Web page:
Advanced Actions in Adobe Captivate are one of the most powerful features you can leverage. Over the next several weeks, I’ll be writing a series of posts that will cover the basics of using and creating your own Advanced Actions. This first post will provide a general overview.
What Are Advanced Actions?
Advanced Actions are a feature in Captivate that allow you to add a new layer of interactivity and functionality in your projects. The basic model for using advanced actions, is to create a script using the Advanced Action Panel, and then associating this script with an event, such as a button click or slide event (for example upon entering or exiting a slide). There are two main types of Advanced Actions, Standard actions and Conditional actions. We take a closer look at these next.
A Standard Action is an action that allows you to access some of the built in “standard” properties available in Captivate. For example, you can use a Standard Action to continue to the next slide, jump to a slide, hide an object or show an object. A key difference between a Standard Action and a Conditional Action is that there is no logic or condition that is evaluated in order for the action to execute.
A Conditional Action requires the use of logic. Captivate provides the ability to create simple “If… Else…” statements. For those of you that are not familiar with the basics of programming, the If Else statement is a conditional statement or expression. It allows you to control when an action is executed if a certain criteria or “condition” is met or failed. An example of when you might want to use a Conditional Action is to show a check mark on the slide if the user passes a quiz. In this case, the condition that must be met is that the user must pass the quiz in order to trigger the action that will make the check mark visible. The pass or fail criteria will be available in a variable. To truly leverage the power of standard and conditional actions, you should have a good grasp of variables.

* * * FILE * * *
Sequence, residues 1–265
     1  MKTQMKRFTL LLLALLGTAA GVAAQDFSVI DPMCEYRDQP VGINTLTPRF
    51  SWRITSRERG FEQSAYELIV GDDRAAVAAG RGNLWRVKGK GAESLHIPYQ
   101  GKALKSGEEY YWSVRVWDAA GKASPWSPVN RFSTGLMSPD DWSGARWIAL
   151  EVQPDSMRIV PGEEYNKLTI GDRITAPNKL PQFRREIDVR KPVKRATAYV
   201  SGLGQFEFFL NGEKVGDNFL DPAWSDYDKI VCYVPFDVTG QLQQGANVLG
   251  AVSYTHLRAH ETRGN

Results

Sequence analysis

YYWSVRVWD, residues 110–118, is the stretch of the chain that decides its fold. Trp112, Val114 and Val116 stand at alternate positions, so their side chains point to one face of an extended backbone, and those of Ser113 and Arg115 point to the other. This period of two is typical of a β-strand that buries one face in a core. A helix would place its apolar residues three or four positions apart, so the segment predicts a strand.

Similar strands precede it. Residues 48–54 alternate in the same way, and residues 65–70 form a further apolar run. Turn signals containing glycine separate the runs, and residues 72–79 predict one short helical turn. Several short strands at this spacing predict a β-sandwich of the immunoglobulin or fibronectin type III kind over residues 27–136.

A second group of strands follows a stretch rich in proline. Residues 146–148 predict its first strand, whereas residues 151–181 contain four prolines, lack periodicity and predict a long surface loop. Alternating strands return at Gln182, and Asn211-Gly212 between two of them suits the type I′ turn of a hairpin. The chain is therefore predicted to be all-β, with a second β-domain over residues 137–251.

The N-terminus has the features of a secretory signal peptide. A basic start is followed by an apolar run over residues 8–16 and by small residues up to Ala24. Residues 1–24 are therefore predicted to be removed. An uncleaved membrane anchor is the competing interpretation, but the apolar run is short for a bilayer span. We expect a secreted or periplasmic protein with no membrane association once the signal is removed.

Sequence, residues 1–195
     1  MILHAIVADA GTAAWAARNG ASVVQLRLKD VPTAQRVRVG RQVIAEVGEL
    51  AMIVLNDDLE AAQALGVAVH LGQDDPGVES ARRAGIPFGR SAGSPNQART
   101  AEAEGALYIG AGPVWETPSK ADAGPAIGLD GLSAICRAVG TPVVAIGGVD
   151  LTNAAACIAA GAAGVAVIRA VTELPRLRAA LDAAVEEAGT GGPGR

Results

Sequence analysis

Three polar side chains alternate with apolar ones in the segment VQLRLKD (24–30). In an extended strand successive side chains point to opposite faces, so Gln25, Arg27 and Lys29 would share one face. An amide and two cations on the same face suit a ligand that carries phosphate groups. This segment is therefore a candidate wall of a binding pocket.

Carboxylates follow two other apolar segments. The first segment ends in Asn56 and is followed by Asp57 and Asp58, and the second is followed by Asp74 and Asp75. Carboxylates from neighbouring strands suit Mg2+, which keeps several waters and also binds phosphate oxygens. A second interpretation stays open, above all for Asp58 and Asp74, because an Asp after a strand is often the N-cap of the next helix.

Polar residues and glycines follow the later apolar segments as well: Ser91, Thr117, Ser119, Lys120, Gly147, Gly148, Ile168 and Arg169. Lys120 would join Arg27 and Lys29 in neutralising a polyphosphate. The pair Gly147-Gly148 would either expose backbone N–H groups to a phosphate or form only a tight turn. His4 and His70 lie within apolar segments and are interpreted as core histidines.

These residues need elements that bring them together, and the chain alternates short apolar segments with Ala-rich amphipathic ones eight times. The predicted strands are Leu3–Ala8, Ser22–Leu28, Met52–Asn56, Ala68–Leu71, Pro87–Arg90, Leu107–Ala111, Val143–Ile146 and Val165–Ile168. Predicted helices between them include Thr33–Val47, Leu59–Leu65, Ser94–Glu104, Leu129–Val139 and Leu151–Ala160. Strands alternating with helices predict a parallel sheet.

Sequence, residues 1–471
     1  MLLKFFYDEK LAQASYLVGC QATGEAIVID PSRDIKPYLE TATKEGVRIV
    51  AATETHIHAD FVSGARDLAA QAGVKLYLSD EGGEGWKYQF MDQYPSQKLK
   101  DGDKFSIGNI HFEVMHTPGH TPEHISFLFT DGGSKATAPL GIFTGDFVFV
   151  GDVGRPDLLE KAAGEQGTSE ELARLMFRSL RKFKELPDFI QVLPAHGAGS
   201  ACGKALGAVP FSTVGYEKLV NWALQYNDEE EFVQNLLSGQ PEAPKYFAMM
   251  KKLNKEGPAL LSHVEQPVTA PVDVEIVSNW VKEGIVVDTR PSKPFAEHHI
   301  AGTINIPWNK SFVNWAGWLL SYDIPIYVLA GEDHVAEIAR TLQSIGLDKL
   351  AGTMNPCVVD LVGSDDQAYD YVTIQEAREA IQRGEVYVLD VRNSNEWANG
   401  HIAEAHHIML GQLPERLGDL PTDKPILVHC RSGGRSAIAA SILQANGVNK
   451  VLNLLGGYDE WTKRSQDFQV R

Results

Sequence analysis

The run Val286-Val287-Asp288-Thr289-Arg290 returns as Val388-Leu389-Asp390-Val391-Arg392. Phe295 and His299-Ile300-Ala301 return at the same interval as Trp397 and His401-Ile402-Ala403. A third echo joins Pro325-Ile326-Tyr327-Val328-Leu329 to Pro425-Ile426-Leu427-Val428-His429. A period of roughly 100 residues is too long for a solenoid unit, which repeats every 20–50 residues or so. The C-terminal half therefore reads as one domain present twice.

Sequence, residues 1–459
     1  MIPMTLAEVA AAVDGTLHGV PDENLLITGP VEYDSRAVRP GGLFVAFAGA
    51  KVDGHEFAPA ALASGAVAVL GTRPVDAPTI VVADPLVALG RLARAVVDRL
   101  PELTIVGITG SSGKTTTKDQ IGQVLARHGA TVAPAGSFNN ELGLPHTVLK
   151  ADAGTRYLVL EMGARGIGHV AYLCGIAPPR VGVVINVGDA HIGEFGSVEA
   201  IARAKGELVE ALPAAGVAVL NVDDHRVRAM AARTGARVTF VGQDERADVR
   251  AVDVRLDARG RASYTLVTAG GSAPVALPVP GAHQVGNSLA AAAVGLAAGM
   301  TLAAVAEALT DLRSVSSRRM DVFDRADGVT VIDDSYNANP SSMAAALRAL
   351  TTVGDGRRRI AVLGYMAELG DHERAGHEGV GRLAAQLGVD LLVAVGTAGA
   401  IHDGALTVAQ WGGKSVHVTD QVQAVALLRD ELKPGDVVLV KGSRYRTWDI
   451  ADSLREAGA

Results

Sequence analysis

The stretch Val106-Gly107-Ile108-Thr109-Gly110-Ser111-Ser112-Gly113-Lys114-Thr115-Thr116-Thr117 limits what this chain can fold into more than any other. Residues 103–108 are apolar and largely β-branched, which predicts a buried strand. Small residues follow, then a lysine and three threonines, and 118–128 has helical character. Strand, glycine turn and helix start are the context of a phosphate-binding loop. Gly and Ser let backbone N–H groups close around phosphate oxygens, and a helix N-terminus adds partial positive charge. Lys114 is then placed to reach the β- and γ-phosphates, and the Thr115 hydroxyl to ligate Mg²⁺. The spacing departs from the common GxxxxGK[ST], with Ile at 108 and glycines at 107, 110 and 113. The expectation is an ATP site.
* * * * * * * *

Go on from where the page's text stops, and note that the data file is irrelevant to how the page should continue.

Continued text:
What is a Variable?
A variable is a key building block for programming and scripting. While creating Advanced Actions is not technically programming, some of the basic concepts are the same. Your main task is to create an expression that will result in some type of action that is completed. As we mentioned previously, in a conditional action, there is a set of criteria that must be evaluated in order to determine if the action will be completed. In general, this information will be stored in a variable. You can think of a variable as a container that will hold information. To illustrate, you can use a variable to store a user’s name. In Captivate, there are two types of variables, System variables and User variables.
A User Variable is a variable that you define. You can create a variable named, “Color” that stores the value, “Blue”. You can also create a variable named, “studentName” that is used to store the name of the person who is currently taking your course. These variables are very powerful and provide a lot of flexibility in what you can accomplish with Advanced Actions.
System Variables are variables that are “built in” to Adobe Captivate. They allow you to do things such as display the display the current date, pause or play a slide, and show the course author name. By combining variables and Advanced Actions, you can accomplish many things that you might not have thought were possible with Adobe Captivate. We have covered a lot of information in this post. I would suggest that you launch Captivate and explore the Advanced Actions panel to further familiarize yourself with the items that we just discussed.
In our next post, we will take a closer look at the Standard Actions and provide video and a samples file. Check back soon for the update!